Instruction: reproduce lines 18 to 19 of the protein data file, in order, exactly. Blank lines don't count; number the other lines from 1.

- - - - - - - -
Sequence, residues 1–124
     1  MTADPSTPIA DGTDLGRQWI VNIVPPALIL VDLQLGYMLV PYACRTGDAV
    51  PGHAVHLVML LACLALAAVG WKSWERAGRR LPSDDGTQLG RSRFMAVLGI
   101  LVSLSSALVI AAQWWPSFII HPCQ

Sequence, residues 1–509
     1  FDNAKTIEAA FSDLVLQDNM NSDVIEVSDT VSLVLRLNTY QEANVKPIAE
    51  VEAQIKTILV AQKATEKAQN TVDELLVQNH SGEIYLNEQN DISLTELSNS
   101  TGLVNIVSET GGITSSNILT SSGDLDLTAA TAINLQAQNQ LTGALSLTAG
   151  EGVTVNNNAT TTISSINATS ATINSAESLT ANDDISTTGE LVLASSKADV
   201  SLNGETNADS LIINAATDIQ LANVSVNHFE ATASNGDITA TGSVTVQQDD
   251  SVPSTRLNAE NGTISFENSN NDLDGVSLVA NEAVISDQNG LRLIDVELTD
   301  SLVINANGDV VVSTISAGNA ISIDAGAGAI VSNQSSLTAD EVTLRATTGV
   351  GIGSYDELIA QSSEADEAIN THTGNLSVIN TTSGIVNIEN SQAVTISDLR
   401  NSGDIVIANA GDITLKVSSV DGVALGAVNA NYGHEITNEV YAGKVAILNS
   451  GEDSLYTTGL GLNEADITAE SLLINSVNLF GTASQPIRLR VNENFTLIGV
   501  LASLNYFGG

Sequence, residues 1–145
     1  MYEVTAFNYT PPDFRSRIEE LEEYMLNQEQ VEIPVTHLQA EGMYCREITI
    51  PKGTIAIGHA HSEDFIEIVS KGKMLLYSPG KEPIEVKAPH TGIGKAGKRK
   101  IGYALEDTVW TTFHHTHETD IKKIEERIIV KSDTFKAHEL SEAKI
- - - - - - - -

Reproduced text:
     1  MYEVTAFNYT PPDFRSRIEE LEEYMLNQEQ VEIPVTHLQA EGMYCREITI
    51  PKGTIAIGHA HSEDFIEIVS KGKMLLYSPG KEPIEVKAPH TGIGKAGKRK